The second ramifications of Dix's lame campaign was the seminal win by the Greens, their first seat. It did not bode well for the NDP to allow this victory because it legitimized the Greens and presented the danger that they would split the vote in the BC Liberals' favour like they'd done so many times before. Sure enough, that seminal win sprouted two more seats (I told ya so, NDP). Happily, however, the Green-Dipper alliance is good for both party's and for BC. Still, without Dix, we may have never been considering a party with such littl democratic weight wielding such disproportionate power.

Horgan did meet expectation of his detractors by being aggressive----only this time, he used in in response to Christy's baseless hacking smear, and he did it promptly with teeth (the threat of a lawsuit). She never seemed to have recovered after realizing it wasn't going to be a cakewalk like the last time.

Now it looks like adults are running the show, and I couldn't be happier.

Anonymous said...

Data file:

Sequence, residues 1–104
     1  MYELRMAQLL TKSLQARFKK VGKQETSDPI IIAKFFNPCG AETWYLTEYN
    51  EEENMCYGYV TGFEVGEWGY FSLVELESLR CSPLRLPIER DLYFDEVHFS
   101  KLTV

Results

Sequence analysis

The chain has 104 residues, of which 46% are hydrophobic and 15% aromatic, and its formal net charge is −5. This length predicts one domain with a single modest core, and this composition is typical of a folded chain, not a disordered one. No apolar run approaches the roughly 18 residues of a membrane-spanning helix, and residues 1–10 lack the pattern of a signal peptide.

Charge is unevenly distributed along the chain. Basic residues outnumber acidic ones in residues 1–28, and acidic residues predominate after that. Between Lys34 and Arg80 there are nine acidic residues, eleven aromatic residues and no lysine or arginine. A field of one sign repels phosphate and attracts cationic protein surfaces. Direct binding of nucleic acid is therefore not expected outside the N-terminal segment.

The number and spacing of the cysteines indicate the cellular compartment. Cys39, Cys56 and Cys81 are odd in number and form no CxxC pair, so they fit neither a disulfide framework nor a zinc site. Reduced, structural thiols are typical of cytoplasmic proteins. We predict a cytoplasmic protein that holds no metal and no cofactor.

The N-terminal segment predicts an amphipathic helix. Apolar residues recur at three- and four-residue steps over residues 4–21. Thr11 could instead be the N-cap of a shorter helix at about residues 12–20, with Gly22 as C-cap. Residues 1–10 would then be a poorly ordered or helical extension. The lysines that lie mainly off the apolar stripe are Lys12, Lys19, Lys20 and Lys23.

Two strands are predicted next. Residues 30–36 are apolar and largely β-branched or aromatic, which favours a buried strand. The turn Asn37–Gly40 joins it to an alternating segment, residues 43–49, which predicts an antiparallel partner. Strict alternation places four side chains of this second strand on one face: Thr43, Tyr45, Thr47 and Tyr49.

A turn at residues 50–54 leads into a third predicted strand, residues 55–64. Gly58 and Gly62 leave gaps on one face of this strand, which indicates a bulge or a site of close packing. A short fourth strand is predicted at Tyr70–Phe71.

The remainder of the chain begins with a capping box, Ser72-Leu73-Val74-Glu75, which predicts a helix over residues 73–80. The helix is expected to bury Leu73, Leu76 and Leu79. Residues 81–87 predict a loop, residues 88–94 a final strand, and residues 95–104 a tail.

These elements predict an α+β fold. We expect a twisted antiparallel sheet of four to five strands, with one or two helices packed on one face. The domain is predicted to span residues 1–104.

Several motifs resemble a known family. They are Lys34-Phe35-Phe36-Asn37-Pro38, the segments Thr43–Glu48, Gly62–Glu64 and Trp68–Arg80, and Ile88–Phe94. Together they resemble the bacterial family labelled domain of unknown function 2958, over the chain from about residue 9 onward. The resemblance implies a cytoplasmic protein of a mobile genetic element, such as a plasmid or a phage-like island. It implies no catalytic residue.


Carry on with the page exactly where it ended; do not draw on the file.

The combination of Dix's ill conceived passive campaign strategy and Clark's street fighting political style squandered any NDP advantages in terms of liberal scandals, mismanagement,and insider corruption. Clark needed to be challenged with someone of the caliber of Horgan and who was not held back by any self-righteous handcuffs. Dix was the wrong man at the wrong time. In politics, winning is what matters. Clark obviously understood and practiced that concept. Once power is attained, then the winner can set the agenda for humanitarian causes and high moral crusades. This is where Clark fell short. She understood the first concept but did not follow through on the second. Dix was the complete opposite, to the detriment of the province.